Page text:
What Happens to Mice Indoors?

Now that you know how mice experience winter torpor, you might be concerned about where indoor rodents go once the temperatures drop. Unlike wild rodents, indoor mice are usually those that you find scurrying around your kitchen.

These types of rodents will look for cracks and crevices, usually around the doorways. You can even find them in cracks in your home’s foundations. What’s worrisome is that some rodents come from the outside and, seeking warmth, will often carry diseases, parasites, and harmful organisms with them.

If you want to know where mice hide during the cold season, you should try to check your attics, crawl spaces, and small spaces in your walls. Most rodents will look for cracks that are small enough for them to fit in.

Unwanted Damage

What homeowners worry about is getting their property damaged because of the mice’s activity. Once the rodents get inside your home for the winter, they can begin chewing on your furniture, storage boxes, and even support beams.

It doesn’t stop there, since mice will also chew on wires and insulation in homes. It can be problematic, especially when you have no way of rodent control. You will end up with damaged wires, walls, and roofs and deal with more garbage inside your home.

Rodents like these can go through your trash and then spread their contaminated bodies all over your house. Not to mention that rodent droppings and saliva can also pose health risks. This is why you would want to know where these rodents are hiding before they enter winter torpor.

Hazards of Mice Building Nests Indoors

Mice can start building nests in your basement, attic, under appliances, walls, and even in your ductwork. In some cases, your car could also be affected, as rodents can build nests in the air filter or under the hood. One way to avoid this is to avoid leaving food and crumbs in your car where mice could detect them.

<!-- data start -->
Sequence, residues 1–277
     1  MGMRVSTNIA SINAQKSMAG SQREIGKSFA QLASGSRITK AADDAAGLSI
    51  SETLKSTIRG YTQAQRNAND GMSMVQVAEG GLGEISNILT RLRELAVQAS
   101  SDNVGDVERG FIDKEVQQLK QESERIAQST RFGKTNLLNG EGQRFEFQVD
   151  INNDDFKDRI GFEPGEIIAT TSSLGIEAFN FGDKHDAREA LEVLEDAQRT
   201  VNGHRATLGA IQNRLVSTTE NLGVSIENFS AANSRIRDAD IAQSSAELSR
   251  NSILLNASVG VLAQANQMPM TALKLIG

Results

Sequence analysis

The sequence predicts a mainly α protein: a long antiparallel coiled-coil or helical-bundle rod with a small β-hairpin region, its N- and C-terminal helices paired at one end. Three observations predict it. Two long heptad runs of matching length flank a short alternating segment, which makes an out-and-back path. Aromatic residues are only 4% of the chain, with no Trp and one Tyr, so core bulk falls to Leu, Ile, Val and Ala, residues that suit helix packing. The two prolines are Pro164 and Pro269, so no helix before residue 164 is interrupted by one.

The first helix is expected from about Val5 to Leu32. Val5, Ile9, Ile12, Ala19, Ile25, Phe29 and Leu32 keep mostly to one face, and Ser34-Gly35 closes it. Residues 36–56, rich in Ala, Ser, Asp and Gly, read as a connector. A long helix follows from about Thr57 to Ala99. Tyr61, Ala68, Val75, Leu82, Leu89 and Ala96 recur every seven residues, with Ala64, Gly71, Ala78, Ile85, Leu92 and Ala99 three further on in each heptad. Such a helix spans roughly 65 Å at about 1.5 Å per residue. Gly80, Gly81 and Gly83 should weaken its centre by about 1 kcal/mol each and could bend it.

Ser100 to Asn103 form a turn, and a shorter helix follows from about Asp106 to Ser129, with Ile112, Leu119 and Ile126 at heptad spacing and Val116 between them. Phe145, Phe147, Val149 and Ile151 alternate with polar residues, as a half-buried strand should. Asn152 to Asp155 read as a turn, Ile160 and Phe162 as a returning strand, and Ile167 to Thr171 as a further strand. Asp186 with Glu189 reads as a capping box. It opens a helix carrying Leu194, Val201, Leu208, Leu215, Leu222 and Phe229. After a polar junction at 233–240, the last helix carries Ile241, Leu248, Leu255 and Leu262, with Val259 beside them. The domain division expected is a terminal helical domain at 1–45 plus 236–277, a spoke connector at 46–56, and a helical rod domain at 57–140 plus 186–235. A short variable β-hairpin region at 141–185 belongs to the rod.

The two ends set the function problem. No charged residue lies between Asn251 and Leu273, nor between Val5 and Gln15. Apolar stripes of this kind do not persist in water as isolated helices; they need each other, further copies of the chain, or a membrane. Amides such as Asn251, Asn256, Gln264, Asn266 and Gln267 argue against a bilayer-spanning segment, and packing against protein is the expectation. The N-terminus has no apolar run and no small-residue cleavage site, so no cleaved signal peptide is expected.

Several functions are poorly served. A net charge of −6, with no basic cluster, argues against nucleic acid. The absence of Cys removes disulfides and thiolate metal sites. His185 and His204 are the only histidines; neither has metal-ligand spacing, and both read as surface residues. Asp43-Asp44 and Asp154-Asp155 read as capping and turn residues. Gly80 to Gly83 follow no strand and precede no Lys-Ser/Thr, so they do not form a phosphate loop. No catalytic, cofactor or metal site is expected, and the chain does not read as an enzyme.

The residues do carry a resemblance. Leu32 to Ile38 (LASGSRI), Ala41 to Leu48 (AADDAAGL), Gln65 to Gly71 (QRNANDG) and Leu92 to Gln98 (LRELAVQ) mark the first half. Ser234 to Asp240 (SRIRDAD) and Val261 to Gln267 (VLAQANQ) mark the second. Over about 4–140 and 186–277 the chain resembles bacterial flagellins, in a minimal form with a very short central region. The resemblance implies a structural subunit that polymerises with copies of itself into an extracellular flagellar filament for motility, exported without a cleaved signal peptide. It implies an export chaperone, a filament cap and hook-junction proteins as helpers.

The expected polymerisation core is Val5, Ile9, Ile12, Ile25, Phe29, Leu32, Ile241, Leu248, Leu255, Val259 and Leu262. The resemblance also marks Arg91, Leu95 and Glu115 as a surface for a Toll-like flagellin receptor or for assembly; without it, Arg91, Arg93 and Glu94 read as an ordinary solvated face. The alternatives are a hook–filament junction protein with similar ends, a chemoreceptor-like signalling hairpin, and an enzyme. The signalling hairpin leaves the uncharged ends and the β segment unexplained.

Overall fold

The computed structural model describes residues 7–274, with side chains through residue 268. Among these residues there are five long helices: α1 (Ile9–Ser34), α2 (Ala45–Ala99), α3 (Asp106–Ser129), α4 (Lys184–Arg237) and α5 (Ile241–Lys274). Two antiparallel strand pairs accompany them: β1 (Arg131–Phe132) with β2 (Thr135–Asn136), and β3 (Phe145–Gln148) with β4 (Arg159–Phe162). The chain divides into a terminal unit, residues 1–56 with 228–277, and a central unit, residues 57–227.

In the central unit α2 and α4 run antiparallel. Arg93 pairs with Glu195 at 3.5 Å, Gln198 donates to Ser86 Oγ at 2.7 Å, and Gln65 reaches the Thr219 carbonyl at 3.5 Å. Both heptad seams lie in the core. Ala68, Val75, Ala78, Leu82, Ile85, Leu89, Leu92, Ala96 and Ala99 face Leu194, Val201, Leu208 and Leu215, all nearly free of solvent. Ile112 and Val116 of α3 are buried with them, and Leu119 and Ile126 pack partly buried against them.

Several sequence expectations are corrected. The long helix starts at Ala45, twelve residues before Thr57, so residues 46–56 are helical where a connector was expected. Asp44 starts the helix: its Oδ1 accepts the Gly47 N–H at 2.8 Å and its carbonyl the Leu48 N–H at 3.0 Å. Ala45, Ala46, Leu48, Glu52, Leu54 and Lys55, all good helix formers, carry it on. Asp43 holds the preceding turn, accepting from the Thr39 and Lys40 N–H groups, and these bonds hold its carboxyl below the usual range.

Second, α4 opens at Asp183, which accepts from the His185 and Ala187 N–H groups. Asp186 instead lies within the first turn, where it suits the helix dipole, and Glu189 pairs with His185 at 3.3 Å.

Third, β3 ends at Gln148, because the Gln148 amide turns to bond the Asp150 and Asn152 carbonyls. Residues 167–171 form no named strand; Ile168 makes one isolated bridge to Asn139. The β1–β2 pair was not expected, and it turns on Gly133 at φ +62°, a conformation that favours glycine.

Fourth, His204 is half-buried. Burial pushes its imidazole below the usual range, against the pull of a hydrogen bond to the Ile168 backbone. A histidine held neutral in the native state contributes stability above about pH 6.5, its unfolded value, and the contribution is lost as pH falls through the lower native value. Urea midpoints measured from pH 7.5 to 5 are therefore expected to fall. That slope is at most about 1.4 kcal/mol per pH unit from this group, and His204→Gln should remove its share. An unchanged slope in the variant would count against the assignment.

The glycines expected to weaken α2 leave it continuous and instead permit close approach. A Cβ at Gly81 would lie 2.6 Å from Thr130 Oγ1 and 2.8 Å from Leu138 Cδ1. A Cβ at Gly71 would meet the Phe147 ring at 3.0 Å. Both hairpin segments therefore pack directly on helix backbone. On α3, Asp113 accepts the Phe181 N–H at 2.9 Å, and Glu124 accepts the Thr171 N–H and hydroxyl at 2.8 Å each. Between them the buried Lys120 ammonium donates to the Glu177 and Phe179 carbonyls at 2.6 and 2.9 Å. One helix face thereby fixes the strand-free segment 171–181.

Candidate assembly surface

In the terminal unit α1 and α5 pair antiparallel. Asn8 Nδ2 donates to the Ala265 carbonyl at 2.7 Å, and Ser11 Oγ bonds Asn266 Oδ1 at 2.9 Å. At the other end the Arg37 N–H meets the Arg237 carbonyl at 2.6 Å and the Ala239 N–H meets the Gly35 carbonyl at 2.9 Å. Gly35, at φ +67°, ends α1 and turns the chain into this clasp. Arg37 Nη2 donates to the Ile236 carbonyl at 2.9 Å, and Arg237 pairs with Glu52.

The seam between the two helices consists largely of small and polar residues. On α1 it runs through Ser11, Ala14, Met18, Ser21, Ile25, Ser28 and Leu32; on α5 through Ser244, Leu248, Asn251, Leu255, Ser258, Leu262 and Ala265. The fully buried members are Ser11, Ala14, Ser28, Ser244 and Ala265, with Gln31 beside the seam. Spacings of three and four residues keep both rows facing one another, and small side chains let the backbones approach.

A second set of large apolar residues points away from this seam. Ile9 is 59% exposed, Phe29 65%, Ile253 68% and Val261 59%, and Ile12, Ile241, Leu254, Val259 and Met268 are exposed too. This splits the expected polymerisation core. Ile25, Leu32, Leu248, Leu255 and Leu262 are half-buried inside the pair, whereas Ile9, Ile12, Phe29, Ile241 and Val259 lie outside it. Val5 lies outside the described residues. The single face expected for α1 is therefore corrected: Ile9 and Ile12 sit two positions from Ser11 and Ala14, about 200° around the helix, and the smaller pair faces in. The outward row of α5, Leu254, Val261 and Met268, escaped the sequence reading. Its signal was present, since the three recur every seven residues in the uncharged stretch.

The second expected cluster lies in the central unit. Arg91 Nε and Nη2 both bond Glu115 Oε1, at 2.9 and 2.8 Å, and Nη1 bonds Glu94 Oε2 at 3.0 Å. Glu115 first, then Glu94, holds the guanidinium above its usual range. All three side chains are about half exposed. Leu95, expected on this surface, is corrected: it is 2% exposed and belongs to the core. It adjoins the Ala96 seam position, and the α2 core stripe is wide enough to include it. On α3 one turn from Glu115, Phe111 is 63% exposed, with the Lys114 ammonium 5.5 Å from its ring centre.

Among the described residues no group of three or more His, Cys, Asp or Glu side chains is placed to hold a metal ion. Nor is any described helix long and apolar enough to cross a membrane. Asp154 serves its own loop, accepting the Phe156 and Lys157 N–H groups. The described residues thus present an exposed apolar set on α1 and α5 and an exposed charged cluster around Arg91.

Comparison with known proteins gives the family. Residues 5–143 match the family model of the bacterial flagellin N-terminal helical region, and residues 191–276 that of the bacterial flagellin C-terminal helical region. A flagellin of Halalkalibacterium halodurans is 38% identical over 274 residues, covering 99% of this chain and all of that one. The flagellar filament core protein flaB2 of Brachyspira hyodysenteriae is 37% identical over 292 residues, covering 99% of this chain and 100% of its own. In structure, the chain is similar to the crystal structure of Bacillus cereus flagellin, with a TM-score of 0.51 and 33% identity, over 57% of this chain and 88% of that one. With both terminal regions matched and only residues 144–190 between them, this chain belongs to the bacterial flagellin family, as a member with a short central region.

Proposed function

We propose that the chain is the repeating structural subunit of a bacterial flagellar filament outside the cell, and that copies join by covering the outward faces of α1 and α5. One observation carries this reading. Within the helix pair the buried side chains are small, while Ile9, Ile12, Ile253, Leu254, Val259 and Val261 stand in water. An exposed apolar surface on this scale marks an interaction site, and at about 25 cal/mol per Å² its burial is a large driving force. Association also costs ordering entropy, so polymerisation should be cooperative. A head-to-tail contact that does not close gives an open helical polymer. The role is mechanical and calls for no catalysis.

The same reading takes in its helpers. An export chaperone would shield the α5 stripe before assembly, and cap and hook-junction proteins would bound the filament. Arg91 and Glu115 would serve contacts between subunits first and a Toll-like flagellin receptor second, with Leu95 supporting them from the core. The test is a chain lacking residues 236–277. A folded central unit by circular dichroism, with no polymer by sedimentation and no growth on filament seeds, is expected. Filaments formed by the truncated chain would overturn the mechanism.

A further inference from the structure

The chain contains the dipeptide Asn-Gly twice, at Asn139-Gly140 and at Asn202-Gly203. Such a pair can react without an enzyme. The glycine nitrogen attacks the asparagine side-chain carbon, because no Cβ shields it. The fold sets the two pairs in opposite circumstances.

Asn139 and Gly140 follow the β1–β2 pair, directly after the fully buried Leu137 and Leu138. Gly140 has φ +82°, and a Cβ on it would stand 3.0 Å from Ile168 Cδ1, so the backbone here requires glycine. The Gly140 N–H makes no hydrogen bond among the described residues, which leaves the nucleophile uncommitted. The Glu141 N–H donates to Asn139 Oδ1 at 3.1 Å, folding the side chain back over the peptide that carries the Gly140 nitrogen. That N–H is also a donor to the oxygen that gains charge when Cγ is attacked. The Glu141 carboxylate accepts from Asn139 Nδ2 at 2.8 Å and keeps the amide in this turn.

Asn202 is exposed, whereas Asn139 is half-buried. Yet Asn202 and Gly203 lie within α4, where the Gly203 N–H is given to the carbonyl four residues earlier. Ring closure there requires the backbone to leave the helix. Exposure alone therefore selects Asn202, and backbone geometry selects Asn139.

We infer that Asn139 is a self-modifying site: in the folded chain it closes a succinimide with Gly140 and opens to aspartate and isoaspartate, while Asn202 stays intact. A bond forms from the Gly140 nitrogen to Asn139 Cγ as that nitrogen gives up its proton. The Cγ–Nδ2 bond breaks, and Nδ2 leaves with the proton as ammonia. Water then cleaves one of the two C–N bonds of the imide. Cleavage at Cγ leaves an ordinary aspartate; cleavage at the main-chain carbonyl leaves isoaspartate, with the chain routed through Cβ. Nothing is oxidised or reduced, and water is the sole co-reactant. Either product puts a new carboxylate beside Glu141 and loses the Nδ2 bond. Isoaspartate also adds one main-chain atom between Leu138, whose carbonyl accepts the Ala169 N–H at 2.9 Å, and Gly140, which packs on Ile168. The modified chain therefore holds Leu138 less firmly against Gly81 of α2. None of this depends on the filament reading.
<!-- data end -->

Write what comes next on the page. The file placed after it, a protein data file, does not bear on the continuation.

These nests become hazards because they can create fire and destroy your home or car. You will know that the nests are near when you see droppings and urine leading up to the nest. These droppings are often found on countertops and around baseboards.

A good way to determine whether you have mice hiding in your home is to keep an ear out for any noises. Mice will make sounds when they run and sometimes you can hear small, rushing steps in your kitchen area.

What to Do to Protect Your Home

One of the best ways to deal with mice that are prepared for winter torpor is to call professional pest control services. These are experts who have experience and knowledge about how to effectively remove pests.

They know where the mice are hiding and how to coax them out without using dangerous procedures. You can also ask them about things like, Do mice hibernate in the winter? Because they will know and can give you advice on making your home pest-free.